Norwich had yet another Saturday of countless gig clashes, most notably No Holy Men with their EP launch at Norwich Arts Centre, and The Sisters of Mercy with The Membranes at UEA, Wooden Arms at the Old Shoe Factory, and Steve Ignorant at The Birdcage but I chose OPEN for the Paddle Fast presentation of Steve Tilston, Milly Hirst, and Chad Mason. I’ve never seen the Club Room decked out with tables and chairs before but it seemed to work rather well, adding a sense of intimacy and respectful silence during the performances. It was an absolute delight to hear Milly like this with a super sound and total silence from the audience, the only sounds being various mechanical gurgles from the bar which usually go unnoticed but in this atmosphere quite audible. Alongside set favourites like Book or a Film, Gentle Sailor and Mary we had pin-drop acappella and a brand new song aired for the very first time, written with Iain Lowery as a musical response to poetry created by young people inspired by the WWI poem The Fierce Light, both of these were set highlights for me. Milly claimed to be feeling “rusty” having had a quiet year for live gigs but I found it just magical and was especially pleased to be able to enjoy the songs in this way and truly immerse myself in them. No other artist springs to mind who seems to speak to my soul in the same way that Milly does.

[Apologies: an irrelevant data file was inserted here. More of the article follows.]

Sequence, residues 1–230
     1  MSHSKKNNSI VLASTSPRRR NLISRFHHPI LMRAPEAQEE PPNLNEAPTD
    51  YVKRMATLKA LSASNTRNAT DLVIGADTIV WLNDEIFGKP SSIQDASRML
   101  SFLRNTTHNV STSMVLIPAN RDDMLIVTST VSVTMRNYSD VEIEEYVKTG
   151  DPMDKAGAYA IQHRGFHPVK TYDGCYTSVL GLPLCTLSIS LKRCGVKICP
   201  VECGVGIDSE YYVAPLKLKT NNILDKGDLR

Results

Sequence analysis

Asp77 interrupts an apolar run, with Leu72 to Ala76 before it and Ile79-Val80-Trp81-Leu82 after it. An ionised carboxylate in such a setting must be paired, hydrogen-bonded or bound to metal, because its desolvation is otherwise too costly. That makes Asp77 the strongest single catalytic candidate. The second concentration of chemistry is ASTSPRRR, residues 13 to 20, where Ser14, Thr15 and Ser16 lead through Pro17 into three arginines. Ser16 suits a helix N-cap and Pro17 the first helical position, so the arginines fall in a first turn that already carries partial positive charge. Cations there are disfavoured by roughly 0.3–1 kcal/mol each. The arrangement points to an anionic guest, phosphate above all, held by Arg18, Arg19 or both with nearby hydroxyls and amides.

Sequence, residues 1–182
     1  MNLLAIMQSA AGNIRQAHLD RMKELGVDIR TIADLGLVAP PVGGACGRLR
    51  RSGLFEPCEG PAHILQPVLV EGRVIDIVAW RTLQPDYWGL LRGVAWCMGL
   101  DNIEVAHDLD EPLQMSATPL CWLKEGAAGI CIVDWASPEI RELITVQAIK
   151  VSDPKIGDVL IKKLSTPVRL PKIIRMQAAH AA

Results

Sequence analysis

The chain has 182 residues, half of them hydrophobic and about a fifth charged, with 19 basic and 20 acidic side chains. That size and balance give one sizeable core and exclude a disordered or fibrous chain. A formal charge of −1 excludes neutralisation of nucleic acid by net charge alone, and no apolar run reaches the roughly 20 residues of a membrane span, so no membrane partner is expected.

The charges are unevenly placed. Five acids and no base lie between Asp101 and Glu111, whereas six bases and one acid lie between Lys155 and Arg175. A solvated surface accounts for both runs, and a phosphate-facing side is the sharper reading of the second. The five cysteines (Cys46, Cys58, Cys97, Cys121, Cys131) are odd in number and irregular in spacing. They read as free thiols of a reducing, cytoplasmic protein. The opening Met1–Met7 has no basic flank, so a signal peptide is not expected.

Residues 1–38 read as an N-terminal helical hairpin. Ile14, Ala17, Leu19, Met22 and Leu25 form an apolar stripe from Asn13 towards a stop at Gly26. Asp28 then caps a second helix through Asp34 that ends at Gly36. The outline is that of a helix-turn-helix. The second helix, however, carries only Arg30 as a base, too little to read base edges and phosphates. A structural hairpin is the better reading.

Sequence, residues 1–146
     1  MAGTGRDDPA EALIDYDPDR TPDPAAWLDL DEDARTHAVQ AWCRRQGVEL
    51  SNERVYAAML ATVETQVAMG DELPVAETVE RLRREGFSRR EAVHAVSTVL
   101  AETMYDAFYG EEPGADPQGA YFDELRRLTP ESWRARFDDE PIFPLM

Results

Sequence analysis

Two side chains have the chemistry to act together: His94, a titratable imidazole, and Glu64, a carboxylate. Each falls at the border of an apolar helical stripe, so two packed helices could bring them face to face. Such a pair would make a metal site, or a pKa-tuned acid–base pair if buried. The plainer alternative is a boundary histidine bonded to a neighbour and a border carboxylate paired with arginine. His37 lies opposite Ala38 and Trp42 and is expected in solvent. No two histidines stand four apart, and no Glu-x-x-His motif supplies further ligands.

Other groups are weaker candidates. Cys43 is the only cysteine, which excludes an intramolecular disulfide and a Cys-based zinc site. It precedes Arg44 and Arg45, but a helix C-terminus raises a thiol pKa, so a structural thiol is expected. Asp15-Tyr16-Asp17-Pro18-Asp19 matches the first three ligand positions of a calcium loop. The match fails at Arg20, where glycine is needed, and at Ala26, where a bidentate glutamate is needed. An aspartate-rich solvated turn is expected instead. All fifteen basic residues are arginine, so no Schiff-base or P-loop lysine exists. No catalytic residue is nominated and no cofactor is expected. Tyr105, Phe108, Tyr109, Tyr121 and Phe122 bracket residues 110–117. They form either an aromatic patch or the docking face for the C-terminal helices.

All the running orders for the sets were rejigged and it was headliner Steve Tilston who came onstage next, ahead of the loud party in the Banking Hall next door. It was my first time seeing him and he had an engaging, story-telling manner between songs and of course played the songs themselves beautifully with some stunning guitar work. Even when he did make a mistake he joked mid-song “I’ve been playing that song about 30 years and made many mistakes on it but never that mistake before!”
Chad Mason had remarked a few times before the gig that he was feeling rather “dickie” but he was so professional that he still played the gig and was flexible enough to play last and with an extended set in a way that one would never have guessed had he not mentioned it … until the very end where he had to literally run off stage. He was still witty, chatty and played flawlessly playing a few numbers each from both albums and continuing the World War theme all performers touched upon. He’s a better man than I and I salute his professionalism and commitment to honouring the gig so well.
After the gig I headed with friends to Jurnets Bar for this month’s Cave-In, it’s been a while since my last Cave so I thoroughly enjoyed it, and seeing so many familiar faces there. The night ended with a drink to salute the Paddle Fest success at OPEN.
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